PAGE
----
The Lebanese judiciary has taken decisions to ease pressure on the country's overcrowded prisons and put in place mechanisms to deter the spread of the coronavirus.
With the difficulty of transferring detainees from prisons to the relevant courts for questioning, the judiciary, in cooperation with the Bar Associations in Beirut and North Lebanon, speeded up the pace of investigations, by interrogating the detainees through virtual platforms.
Well-informed sources told Asharq Al-Awsat that the judiciary wanted to achieve justice and law enforcement, and reduce the risk of the spread of the coronavirus in the overcrowded prisons.
Asked whether this measure would compensate for the general amnesty demanded by the prisoners, the judicial sources said: “The general amnesty requires a political decision by the government and parliament.”
“The judiciary, which is aware of the seriousness of the situation, cannot stand idle while awaiting such a decision; rather, its duty is to balance between achieving justice and reducing the risk of contamination,” they added.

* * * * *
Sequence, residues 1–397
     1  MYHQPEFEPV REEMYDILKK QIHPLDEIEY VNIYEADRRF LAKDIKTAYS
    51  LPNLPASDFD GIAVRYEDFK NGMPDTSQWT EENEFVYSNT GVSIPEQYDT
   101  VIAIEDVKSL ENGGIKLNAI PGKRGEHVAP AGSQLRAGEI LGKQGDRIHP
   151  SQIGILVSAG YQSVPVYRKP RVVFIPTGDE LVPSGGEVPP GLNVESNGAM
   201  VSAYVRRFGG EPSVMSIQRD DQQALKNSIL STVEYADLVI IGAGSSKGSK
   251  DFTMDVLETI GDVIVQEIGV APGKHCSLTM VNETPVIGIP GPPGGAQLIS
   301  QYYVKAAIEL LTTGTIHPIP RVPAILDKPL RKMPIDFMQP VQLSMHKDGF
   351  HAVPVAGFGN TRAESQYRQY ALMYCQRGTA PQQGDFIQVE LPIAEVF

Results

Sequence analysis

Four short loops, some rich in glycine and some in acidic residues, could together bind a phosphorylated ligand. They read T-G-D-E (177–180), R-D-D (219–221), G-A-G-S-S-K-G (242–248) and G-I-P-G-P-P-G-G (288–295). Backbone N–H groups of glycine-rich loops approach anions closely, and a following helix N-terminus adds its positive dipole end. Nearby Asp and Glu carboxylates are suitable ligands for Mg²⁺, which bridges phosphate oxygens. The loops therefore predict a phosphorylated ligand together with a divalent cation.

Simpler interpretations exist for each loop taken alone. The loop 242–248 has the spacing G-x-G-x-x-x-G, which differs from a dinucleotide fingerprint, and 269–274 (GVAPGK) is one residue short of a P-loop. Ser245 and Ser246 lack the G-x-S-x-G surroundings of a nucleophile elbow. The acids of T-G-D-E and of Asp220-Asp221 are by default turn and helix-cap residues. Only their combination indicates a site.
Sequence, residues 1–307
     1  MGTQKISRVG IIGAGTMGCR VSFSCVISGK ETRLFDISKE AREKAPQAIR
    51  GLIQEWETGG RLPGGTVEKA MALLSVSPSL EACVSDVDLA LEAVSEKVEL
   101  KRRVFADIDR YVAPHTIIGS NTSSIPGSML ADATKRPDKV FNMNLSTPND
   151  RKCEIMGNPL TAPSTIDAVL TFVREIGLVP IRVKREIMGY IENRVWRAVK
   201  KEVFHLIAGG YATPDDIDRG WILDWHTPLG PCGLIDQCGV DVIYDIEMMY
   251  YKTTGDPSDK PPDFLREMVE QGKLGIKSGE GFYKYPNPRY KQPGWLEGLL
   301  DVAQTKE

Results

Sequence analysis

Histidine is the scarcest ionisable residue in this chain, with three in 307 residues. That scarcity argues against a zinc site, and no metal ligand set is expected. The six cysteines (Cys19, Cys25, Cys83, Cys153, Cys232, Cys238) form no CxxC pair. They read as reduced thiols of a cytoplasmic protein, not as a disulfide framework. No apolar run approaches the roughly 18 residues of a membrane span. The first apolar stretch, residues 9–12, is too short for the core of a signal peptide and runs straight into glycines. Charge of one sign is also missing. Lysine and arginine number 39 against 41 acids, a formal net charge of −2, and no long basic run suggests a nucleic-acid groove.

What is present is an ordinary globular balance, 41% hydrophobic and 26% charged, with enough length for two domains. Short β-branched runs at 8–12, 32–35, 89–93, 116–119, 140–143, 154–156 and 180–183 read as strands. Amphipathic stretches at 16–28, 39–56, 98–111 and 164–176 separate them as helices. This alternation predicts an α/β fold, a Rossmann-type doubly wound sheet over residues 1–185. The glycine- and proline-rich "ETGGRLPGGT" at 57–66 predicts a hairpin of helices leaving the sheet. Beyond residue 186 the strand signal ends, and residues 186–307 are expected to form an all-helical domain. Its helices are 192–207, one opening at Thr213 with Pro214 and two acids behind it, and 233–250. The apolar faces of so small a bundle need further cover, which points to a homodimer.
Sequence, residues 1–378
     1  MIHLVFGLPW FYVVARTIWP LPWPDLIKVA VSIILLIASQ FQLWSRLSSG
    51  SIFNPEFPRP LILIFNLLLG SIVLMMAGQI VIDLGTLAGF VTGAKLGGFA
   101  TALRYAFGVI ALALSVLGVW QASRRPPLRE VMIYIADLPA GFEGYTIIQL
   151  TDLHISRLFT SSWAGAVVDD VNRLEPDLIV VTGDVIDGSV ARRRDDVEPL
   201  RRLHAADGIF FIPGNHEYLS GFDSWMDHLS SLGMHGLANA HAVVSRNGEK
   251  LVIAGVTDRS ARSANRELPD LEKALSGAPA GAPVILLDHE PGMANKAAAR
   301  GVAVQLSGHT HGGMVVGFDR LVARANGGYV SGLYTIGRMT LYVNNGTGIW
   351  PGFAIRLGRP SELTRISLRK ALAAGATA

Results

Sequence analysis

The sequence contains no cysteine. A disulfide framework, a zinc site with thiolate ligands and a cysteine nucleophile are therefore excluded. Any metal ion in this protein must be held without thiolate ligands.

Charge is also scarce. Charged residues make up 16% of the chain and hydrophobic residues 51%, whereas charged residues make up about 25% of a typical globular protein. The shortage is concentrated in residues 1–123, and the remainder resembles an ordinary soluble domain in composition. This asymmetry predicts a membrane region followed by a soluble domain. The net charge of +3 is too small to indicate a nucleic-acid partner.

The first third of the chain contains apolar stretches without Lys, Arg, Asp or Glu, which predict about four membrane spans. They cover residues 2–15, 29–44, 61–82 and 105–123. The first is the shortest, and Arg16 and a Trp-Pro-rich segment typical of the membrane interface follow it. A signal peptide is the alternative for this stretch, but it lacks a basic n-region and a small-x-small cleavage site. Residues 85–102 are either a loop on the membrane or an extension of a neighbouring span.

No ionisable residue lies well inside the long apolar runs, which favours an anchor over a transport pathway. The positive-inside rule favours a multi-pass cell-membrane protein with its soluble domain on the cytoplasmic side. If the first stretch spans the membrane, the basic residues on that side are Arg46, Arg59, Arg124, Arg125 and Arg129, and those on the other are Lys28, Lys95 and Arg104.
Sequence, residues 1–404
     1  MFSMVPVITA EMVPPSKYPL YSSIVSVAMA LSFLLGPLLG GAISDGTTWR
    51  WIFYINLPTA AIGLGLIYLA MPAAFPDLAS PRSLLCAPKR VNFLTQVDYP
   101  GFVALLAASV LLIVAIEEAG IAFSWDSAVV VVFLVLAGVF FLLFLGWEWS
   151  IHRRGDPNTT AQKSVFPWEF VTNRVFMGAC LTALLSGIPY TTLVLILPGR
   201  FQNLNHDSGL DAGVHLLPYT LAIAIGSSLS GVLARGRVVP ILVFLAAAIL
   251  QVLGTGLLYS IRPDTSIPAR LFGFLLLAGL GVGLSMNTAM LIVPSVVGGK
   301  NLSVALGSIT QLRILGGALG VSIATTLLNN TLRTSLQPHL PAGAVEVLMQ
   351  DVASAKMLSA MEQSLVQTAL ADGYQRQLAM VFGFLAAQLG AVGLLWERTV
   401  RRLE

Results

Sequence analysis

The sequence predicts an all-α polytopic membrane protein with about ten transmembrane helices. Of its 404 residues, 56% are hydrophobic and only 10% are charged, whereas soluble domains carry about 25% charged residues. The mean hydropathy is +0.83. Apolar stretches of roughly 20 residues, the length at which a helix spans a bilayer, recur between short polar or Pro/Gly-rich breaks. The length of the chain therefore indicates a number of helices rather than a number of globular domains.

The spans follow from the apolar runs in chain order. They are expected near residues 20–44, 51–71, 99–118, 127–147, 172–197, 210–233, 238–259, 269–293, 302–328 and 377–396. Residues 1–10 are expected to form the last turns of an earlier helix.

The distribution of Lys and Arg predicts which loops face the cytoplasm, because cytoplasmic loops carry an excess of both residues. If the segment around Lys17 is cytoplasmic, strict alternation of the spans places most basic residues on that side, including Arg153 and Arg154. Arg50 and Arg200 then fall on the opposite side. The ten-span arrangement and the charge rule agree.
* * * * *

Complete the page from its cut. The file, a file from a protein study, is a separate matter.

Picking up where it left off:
The head of the Bar Association in the North, Mohammad Mrad, explained that the new mechanisms, implemented by the Beirut and the North Bar Associations, would protect the detainees, the security forces, and the administrative team inside prisons.
“The Prison Committee of the Bar Association in Tripoli turned into an emergency cell, and began receiving dozens of requests for the release of detainees, whether by fax or by sending lawyers to prisons, and transferring those requests to the appropriate judicial authorities,” he said.
“We see positive cooperation in this regard,” he added, noting that 25 detainees were released on Friday and that mechanisms were put in place to receive similar requests via a call center.
He added that these measures could lead to the release of about 200 detainees from Tripoli Prison, meaning 15-20 percent of its inmates.
Those procedures, however, do not satisfy those accused of major crimes.
Lawyer Mohamed Sablouh, the defense attorney for most Islamic detainees, considered that the recent decisions were limited to those convicted of minor crimes.
“The release of detainees does not include those held on trial by the military court, who constitute the most oppressed category among the prisoners,” he underlined, adding: “These measures are good and may temporarily reduce overcrowding in prisons; but they cannot replace a comprehensive and fair general amnesty.”